5 everyday foods that promote a healthy heart

Does your diet include enough of these foods?



Circulation Advisor
@AVogelUK
Ask Helen


04 February 2020

Which foods are good for the heart?

The heart pumps oxygenated blood around the body to the tissues and organs through blood vessels known as arteries. It's vital that the heartbeat is strong enough to give the blood a good push into the arteries, or the force with which it is propelled around the body will be low and circulation will be sluggish.

Once oxygen and nutrients have been delivered to the organs and tissues, deoxygenated blood and waste is returned to the lungs and heart through blood vessels called veins.

A good diet, alongside regular exercise, minimum stress and low alcohol consumption, can all help to keep the heart in good shape and keep these processes running smoothly.

However, studies show that deaths relating to heart disease are on the rise, so it is important to take steps early on to keep your heart working well.1 A few particular foods are very good for the heart and can, therefore, help with this.

These include:

  1. Tomatoes
  2. Wholegrains
  3. Beetroot
  4. Apples
  5. Chilli peppers.

1. Tomatoes

Tomatoes could offer some protection for the heart due to the presence of lycopene. This is what's known as a carotenoid, or a phytonutrient, and it gives the fruit its distinctive colour, whilst also offering antioxidant and anti-inflammatory benefits. Some studies have suggested that lycopene can support cardiovascular health, as well as help to prevent Cardiovascular Disease (CVD).2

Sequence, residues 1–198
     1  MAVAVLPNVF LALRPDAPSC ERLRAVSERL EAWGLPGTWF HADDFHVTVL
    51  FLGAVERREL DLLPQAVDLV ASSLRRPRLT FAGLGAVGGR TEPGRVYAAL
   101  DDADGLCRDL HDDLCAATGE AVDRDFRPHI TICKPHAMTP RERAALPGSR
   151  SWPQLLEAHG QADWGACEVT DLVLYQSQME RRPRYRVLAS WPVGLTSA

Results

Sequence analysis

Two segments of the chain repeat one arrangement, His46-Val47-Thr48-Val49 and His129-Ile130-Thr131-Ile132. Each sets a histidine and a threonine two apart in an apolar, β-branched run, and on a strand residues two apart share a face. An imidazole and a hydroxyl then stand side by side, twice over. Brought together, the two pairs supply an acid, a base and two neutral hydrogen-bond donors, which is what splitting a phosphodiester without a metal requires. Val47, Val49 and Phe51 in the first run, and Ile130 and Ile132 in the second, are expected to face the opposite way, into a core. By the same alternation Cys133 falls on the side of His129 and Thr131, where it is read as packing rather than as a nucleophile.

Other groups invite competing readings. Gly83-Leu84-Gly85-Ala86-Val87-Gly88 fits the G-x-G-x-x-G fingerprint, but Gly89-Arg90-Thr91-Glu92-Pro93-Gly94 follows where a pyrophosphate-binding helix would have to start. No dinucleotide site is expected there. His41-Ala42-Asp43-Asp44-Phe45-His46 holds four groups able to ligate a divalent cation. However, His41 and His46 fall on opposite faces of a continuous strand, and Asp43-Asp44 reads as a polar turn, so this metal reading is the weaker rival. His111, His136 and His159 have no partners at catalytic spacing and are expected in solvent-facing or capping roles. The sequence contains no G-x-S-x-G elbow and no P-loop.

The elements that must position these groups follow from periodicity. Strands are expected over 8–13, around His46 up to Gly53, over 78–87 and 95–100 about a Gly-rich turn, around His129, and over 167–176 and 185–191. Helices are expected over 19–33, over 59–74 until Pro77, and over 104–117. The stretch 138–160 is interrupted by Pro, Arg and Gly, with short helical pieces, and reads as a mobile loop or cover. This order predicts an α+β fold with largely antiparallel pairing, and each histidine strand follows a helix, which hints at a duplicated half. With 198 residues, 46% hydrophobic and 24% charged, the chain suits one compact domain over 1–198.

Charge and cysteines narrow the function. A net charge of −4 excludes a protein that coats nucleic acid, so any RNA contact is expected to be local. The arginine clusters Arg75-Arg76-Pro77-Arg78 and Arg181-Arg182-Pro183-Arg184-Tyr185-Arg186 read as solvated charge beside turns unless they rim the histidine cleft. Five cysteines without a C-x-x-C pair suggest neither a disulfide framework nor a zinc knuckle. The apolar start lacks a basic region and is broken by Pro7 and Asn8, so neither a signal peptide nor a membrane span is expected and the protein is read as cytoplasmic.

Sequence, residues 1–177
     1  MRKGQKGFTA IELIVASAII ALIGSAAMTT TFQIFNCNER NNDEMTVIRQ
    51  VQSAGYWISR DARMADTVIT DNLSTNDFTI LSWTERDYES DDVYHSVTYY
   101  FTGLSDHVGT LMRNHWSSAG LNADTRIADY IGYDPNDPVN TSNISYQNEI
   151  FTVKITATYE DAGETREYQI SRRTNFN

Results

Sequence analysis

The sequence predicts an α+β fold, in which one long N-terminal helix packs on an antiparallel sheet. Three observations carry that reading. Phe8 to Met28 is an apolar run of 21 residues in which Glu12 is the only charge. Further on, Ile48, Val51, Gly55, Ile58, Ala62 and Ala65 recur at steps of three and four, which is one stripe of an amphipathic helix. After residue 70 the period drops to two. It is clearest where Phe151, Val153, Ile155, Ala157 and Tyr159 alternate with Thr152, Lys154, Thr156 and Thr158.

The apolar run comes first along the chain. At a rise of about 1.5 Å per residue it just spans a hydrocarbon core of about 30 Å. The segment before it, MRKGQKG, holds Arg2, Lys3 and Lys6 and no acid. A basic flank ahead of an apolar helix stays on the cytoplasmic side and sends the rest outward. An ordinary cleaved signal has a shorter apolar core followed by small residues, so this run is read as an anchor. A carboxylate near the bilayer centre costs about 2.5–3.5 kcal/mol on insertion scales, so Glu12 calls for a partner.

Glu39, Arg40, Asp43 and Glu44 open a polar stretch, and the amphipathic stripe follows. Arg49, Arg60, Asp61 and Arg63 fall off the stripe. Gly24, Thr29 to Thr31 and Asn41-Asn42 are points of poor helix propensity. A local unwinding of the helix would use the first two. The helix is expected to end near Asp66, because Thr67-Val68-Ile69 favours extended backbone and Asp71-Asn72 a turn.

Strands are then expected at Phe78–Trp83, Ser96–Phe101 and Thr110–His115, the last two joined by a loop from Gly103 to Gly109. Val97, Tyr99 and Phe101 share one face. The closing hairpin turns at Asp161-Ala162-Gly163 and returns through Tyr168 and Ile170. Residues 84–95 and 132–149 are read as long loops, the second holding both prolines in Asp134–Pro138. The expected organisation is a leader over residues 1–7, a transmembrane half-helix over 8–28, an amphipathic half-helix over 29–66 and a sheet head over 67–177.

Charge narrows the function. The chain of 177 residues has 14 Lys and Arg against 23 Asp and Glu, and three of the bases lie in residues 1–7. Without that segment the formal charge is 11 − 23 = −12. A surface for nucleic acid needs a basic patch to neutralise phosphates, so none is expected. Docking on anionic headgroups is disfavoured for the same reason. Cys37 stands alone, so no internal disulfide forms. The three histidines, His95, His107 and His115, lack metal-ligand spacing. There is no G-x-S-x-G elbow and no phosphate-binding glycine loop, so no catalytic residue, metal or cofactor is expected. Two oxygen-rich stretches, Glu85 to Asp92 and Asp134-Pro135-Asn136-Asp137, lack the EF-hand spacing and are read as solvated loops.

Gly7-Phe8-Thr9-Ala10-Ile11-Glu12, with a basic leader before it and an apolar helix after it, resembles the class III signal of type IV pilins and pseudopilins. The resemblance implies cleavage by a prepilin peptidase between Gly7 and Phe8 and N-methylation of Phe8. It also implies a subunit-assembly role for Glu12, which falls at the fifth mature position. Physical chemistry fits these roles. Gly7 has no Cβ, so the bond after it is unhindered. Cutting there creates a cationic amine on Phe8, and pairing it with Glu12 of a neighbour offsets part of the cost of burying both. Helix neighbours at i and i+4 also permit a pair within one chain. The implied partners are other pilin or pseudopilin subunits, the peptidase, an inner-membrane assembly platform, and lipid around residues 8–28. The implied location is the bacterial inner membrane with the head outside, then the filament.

In order to reap this benefit, tomatoes should be consumed fresh as there is insufficient evidence to suggest that synthetic lycopene (i.e. lycopene consumed through a supplement) can provide the same benefits for the heart.3 This may be because lycopene has to work together with the other phytonutrients found in tomatoes, such as phytosterols, in order to have a positive effect.

Phytosterols are particularly important as they have been found to have a positive effect on cholesterol metabolism.4 Cholesterol is a fatty substance found in the blood. Too much of it can put us at risk of CVD as it clogs up blood vessels going to and from the heart.

3 tasty ways to use up tomatoes

  • Make a homemade tomato sauce. Tomato sauces are great for adding to pasta, meat dishes and even roasted vegetables. You can always freeze leftovers to have on another occasion.
  • Make a chutney – you can make this when tomatoes are in season and then keep it in your store cupboard for a few months. Chutneys are great for adding to a sandwich or veggie burger!
  • Make your own ketchup – store-bought versions of this store-cupboard favourite can be loaded with sugar, so try making your own healthier version with our fermented tomato ketchup recipe.

Wholegrains

A diet high in plenty of wholegrains, in addition to the likes of nuts, seeds, fruit and vegetables, is relatively low in dietary cholesterol and saturated fatty acids.5 Saturated fats are particularly problematic for the health of the heart as they can raise cholesterol levels.

In contrast, wholegrains are high in polyunsaturated fats which have a much more favourable effect on cholesterol levels, helping to lower levels and thereby reduce the risk of CVD.

3 ways to eat more wholegrains

  • Start by using brown bread, rice or pasta instead of white varieties. Try our cheesy stuffed tomatoes with rice and mushrooms for a different (and particularly heart-healthy!) lunch.
  • Bake with wholegrain flour. You'd be surprised by how many recipes work using this flour – muffins, pancakes and pastry are just some examples. If you're really ambitious, you could even make your own wholegrain bread!
  • Don't forget about barley – this can be added to soups and stews to make them both satisfying and healthy.